Last year saw a rapid adoption of bulk payments for salaries and between governments and individuals. Strangely, only 40 percent of providers offer international remittance— usually a large transfer of money from a family member working in a foreign country—which is by far the most profitable mobile money service, as these transfers are significantly larger than any other. Of course that's expected to change over the next few years, as U.K.-based WorldRemit just had one of the greatest Series A fundraising rounds Europe has ever seen, with an influx of $40 million to grow its online platform for sending cash. 

But questions about how big the market could be still remain. Just last week, the Chinese central bank put the kibosh on a couple virtual credit card and QR-code based virtual payments, so the future of mobile money still remains uncertain.

Another significant hindrance to profitability is that less than 30 percent of accounts are considered active. Providers are now tasked with discovering ways to incentivize usage, not just registration. The Mobile Money for Unbanked Programme has found that customers who transact at the point of registration are 26 percent more likely to be active customers, with 95 percent higher revenue per user.

"The next three and a half billion are not as rich and not as educated, rural, making it inherently more difficult," said Kohli.

Basic mobile money services are also available to non-smartphone users as well via SMS, meaning that mobile money can’t be the only way to bring the next billion online. Affordability is still an issue. Half of the world will skip right over desktops and laptops for simpler mobile ways to connect to the Internet via “feature phones” — like the smartphones of a decade ago — at the sweet spot of about $25 or 1,500 rupees each.

With this $25 phone supporting basic Internet predicted to be widely available for the first time in emerging markets within the year, the value of phone and SMS will be an easy sell. It’s costly data that will cause 3.4 billion hesitations.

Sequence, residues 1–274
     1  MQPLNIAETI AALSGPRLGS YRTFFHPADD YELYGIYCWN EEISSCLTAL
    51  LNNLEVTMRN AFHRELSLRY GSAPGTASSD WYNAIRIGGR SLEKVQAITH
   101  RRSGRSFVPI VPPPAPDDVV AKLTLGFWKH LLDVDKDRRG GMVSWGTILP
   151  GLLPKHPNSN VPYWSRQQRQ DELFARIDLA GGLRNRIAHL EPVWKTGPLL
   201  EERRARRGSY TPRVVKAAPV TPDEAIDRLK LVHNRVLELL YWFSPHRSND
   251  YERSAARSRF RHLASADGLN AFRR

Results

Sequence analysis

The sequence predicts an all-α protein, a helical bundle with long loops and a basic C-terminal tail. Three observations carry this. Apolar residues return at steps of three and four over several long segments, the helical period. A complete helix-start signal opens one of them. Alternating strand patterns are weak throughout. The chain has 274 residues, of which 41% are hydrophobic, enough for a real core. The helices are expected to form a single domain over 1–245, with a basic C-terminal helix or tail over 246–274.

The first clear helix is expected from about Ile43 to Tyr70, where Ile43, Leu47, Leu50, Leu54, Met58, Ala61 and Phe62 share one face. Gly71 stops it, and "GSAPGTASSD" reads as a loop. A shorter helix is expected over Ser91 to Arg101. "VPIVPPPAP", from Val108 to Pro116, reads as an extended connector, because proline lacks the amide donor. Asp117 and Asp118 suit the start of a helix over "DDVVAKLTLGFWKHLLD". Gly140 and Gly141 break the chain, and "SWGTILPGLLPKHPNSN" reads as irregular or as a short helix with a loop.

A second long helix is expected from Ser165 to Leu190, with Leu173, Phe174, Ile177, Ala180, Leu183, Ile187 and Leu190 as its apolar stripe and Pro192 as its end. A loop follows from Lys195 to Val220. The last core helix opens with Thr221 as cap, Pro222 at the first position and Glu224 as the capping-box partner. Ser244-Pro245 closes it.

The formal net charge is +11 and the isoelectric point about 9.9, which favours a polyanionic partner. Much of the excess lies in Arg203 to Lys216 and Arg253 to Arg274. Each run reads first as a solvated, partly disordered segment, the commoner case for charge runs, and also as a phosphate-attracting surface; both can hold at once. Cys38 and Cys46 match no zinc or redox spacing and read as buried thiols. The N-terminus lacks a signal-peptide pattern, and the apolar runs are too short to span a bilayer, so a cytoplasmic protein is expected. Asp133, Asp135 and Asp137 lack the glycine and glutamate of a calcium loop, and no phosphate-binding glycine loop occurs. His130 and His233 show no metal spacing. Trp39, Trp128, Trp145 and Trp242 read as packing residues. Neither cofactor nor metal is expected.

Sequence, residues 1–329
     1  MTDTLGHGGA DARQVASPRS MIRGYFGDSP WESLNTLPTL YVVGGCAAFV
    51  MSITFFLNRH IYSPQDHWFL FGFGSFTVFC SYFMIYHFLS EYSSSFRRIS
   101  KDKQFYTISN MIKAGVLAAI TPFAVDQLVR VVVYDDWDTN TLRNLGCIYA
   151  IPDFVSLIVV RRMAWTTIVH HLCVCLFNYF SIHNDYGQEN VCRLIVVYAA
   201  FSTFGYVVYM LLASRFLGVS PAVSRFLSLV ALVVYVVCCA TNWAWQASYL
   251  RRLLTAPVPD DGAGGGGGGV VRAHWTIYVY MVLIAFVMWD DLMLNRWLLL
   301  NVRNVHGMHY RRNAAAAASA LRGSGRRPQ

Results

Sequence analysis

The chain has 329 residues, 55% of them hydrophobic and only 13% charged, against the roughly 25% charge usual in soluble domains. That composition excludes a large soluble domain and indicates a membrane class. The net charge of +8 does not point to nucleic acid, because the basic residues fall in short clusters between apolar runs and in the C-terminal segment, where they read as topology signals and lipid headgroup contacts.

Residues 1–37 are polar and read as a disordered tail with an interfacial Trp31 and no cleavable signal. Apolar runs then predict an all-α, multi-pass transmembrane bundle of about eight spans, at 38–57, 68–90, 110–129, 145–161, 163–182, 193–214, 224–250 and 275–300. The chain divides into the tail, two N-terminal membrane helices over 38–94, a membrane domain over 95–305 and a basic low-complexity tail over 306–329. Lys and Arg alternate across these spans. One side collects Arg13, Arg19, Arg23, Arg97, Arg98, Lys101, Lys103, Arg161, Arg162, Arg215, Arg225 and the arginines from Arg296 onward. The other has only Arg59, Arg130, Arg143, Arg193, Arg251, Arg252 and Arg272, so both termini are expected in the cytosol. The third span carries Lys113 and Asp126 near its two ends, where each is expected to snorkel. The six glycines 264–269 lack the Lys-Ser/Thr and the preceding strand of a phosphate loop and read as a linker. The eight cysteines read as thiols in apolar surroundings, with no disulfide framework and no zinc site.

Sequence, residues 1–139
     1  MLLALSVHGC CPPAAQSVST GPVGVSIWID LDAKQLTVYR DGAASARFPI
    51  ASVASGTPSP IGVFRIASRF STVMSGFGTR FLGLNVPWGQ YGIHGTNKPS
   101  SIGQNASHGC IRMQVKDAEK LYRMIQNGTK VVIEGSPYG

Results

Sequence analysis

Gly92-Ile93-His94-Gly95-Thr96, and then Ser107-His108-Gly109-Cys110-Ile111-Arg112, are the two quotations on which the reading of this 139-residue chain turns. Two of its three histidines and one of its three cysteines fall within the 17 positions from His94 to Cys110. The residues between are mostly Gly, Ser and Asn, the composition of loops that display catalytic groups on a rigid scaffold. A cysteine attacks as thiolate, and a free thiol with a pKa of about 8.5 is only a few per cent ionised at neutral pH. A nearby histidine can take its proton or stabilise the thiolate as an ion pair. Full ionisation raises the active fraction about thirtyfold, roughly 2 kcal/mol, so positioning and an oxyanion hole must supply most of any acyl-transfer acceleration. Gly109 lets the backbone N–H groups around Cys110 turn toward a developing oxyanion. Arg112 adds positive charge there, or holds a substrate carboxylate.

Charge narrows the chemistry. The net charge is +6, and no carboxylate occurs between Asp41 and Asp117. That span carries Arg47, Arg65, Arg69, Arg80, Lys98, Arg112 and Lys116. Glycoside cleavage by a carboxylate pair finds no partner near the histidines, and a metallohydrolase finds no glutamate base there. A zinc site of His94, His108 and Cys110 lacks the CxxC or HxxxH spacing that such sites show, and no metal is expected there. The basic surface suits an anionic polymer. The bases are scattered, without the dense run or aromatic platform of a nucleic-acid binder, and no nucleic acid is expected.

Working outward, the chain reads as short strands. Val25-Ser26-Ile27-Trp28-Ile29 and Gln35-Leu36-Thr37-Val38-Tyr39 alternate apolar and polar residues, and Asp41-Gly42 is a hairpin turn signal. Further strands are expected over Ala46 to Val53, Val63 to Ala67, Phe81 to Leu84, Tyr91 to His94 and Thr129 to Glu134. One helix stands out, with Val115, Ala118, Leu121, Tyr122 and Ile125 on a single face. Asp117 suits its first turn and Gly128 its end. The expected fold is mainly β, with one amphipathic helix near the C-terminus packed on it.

Zuckerberg put it into a Western perspective: "The average American spends $2,000 in two years on their iPhone: $500 for the phone and the rest on data."

Even though the speed in 2G networks has jumped from an average of 22 seconds to about six, those six seconds are still critical when data is a precious commodity and preserving battery life is critical. Marco Quatorze, CMO of Latin America's America Movil shared that his customers thought they were being robbed because ads were stealing their data. He agreed. Data-sucking ads cannot be a source of provider revenue in emerging markets.

Internet.org's Chris Weasler spoke about how Facebook spent a lot of time developing a data-hogging Android app that they eventually realized basically didn't work in these countries. There’s a “need to make it more lightweight and download quicker, preserve battery life and send less data across the network,” he said. The reason why Wikipedia is more often than not the top Google result is less due to its accuracy or well-sprinkled keywords, and more to it being simply designed, quick and easy to load.

Zuckerberg says he paid a staggering $19 billion for WhatsApp because it's a simple messaging app that has made never having ads a priority, and it takes minimal data and battery to run. WhatsApp fits smoothly into his foundation Internet.org's goal of connecting the rest of the world.

The mobile world must look to follow suit developing low-data mobile money apps, if they have any hope of connecting the next billion by 2020.

Of course, Zuckerberg thinks that billion is not good enough, saying “I hope we can do much better than that."

Photo: Erik (HASH) Hersman, Flickr Creative Commons

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This post was originally published on Smartplanet.com